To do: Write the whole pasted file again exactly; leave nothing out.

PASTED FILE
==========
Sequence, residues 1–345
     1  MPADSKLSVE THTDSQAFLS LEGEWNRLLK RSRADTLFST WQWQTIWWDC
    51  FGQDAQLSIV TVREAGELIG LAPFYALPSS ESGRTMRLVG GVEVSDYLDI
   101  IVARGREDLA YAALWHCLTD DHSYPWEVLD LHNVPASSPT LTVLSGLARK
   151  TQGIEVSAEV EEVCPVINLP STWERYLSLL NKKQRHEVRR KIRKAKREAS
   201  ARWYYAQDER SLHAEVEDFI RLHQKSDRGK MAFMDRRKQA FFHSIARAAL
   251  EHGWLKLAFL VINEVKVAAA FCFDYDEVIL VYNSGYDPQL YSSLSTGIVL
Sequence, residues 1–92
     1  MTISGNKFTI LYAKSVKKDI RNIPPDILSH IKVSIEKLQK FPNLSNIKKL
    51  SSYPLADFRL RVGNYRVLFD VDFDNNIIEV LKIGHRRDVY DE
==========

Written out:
Sequence, residues 1–345
     1  MPADSKLSVE THTDSQAFLS LEGEWNRLLK RSRADTLFST WQWQTIWWDC
    51  FGQDAQLSIV TVREAGELIG LAPFYALPSS ESGRTMRLVG GVEVSDYLDI
   101  IVARGREDLA YAALWHCLTD DHSYPWEVLD LHNVPASSPT LTVLSGLARK
   151  TQGIEVSAEV EEVCPVINLP STWERYLSLL NKKQRHEVRR KIRKAKREAS
   201  ARWYYAQDER SLHAEVEDFI RLHQKSDRGK MAFMDRRKQA FFHSIARAAL
   251  EHGWLKLAFL VINEVKVAAA FCFDYDEVIL VYNSGYDPQL YSSLSTGIVL
Sequence, residues 1–92
     1  MTISGNKFTI LYAKSVKKDI RNIPPDILSH IKVSIEKLQK FPNLSNIKKL
    51  SSYPLADFRL RVGNYRVLFD VDFDNNIIEV LKIGHRRDVY DE